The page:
Federal prosecutors have brought several Trump administration officials before this grand jury for questioning, including former Trump White House adviser and a top adviser to Vice President Mike Pence. A federal judge recently ruled that Pence would have to testify before the grand jury, though his team was still deciding Thursday whether to appeal.

In a sign of expanding investigations, election officials in several states whose findings Trump has contested have received subpoenas requesting prior communications with or involving Trump and his campaign officials.

A House committee investigating the Jan. 6 attack on the Capitol has recommended that the Justice Department file criminal charges against Trump and his associates, who helped him launch a wide-ranging pressure campaign to try to win his 2020 election loss cancel.


After his 2020 election defeat, Trump called Georgia’s Foreign Minister Brad Raffensperger and urged him to do so “Find 11,780 votes” — just enough to overtake Biden and reverse Trump’s narrow loss in the state.

That call was on January 2nd Part of a month-long effort by a special grand jury in Atlanta examines whether crimes were committed in the pressure campaign to reverse Trump’s defeat.

Among those questioned by the special grand jury were Rudy Giuliani, the former New York Mayor and Trump attorney; Republican Sen. Lindsey Graham by South Carolina and Georgia Gov. Brian Kemp.

The prosecutor advised Giuliani and Georgia Republicans who acted as fake voters that they risk being impeached. The fake voters signed a certificate claiming Trump won the election and declared themselves the state’s voters, even though Biden had won the state and Democratic voters had already been certified.

Trump and his allies have denied wrongdoing, and he has repeatedly called his call to Raffensperger “perfect.”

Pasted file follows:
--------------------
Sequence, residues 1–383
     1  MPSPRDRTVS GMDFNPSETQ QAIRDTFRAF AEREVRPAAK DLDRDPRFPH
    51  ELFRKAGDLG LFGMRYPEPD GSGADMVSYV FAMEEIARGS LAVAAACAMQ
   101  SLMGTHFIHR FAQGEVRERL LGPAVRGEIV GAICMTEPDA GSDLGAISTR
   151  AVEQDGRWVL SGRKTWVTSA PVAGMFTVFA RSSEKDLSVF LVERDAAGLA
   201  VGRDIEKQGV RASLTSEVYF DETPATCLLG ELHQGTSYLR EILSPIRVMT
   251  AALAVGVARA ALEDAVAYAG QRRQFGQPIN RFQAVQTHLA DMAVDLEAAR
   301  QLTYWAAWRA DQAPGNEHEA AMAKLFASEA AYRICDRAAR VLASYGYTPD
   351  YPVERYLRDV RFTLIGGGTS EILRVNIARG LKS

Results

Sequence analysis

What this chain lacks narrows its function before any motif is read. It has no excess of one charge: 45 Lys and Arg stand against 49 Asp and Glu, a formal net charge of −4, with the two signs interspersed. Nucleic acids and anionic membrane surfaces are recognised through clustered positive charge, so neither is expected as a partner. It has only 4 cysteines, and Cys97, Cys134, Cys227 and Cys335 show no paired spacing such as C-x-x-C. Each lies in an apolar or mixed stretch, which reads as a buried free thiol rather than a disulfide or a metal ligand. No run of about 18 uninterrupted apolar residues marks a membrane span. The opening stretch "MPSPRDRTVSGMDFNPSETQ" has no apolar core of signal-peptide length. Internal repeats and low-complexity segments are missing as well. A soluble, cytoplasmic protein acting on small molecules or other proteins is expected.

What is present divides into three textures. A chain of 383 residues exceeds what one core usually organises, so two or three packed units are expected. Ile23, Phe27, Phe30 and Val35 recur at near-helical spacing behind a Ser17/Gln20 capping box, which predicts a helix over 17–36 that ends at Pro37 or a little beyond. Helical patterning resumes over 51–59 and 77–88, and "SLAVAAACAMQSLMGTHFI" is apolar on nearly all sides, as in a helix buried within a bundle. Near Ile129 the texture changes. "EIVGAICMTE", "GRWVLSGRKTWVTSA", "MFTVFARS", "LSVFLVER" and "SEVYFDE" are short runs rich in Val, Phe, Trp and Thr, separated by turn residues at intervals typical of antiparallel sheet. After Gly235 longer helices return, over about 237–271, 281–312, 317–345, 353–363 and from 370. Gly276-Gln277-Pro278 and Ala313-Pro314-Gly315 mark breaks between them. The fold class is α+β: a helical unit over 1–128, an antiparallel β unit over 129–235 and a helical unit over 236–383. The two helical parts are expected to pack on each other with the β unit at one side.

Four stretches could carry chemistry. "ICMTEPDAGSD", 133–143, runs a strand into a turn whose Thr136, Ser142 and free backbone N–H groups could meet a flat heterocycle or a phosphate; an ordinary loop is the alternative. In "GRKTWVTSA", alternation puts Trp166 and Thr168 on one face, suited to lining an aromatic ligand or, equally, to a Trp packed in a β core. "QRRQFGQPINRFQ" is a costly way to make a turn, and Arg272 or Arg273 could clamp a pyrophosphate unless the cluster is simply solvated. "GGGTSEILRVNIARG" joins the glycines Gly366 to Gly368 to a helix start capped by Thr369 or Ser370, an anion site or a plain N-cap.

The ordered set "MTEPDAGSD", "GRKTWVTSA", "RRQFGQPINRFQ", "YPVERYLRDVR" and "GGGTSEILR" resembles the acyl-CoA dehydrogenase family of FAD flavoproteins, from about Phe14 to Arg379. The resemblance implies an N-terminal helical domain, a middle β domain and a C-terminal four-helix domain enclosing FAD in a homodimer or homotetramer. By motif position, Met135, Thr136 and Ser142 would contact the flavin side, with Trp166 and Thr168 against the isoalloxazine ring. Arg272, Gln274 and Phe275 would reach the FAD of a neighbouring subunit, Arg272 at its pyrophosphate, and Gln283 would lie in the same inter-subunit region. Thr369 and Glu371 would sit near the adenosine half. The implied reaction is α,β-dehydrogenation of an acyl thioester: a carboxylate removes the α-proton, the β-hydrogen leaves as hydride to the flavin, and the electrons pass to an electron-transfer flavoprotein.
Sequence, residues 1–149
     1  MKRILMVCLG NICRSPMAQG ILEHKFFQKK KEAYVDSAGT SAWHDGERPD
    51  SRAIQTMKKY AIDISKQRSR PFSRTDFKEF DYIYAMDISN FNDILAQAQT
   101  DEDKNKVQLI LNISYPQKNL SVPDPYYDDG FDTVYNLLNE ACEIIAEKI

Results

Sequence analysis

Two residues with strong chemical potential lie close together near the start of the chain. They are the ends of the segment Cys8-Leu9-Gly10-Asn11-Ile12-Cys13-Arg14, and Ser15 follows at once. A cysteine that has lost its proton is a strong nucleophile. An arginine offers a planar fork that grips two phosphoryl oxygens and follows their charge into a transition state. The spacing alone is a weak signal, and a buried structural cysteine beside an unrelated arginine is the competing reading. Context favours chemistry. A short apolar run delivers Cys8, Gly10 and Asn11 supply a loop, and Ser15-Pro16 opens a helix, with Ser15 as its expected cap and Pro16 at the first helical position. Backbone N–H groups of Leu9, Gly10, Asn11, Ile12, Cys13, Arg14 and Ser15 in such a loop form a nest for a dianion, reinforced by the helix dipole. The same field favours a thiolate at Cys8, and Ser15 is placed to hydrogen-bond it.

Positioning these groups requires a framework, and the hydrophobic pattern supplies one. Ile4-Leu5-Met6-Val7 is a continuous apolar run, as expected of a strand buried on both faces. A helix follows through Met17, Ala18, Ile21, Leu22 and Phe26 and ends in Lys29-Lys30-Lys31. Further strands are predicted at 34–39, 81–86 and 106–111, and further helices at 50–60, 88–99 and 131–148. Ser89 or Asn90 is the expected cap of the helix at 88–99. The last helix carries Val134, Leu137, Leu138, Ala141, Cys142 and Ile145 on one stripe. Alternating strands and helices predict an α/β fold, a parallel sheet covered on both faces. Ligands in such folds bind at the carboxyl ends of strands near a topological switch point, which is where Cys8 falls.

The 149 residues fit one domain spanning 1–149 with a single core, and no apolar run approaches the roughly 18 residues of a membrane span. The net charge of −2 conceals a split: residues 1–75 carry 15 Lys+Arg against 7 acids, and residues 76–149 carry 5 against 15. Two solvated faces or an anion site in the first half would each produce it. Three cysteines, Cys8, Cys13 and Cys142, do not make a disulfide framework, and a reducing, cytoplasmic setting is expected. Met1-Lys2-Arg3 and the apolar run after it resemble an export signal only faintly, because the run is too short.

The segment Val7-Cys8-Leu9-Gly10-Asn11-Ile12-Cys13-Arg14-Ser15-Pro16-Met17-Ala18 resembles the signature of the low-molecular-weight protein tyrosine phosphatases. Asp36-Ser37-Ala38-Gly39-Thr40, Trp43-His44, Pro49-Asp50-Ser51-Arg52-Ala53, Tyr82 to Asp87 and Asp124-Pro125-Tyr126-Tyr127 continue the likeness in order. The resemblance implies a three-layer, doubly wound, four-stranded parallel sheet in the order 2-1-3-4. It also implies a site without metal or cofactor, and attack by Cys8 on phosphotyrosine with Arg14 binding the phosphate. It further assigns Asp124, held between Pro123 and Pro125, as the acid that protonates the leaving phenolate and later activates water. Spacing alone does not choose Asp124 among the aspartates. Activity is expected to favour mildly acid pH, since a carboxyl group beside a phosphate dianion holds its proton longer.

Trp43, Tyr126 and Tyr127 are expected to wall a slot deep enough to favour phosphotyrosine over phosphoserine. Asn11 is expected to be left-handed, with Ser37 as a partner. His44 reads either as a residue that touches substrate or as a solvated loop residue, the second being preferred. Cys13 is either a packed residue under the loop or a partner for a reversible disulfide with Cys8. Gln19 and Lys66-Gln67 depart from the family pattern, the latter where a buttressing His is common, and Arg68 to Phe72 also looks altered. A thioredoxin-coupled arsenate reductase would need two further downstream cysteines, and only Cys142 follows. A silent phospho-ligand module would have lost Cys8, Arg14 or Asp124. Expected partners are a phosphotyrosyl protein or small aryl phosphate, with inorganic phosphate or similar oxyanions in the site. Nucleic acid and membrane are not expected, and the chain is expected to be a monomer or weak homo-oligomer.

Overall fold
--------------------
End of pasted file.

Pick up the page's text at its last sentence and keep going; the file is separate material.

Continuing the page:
It’s up to Fulton County District Attorney Fani Willis, a Democrat, to decide whether to convene a regular grand jury and file criminal charges in the case. The foreman of the special grand jury that investigated the case at Willis’s request stated publicly in February that the panel had recommended multiple charges.


New York Attorney General Letitia James has sued Trump and the Trump Organizationwho claimed they had misled banks and tax authorities about the value of assets, including golf courses and skyscrapers, in order to obtain credit and tax benefits.

This lawsuit could result in civil penalties against the company if James, a Democrat, prevails. She is demanding a $250 million fine and a business ban for Trump in New York. Manhattan prosecutors investigated the same alleged behavior but did not pursue criminal charges.

A civil trial in state court is scheduled for October.

In a separate civil trial in federal court in New York, Trump was charged with raping a former magazine columnist in a dressing room in the mid-1990s. This case is scheduled to go before the court on April 25.

Trump has repeatedly insisted He never met columnist E. Jean Carroll at the store and has denied her allegations of rape, saying, “Physically, she’s not my type.” During a testimony in October, he misidentified a decades-old photo of her as one of his ex-wives.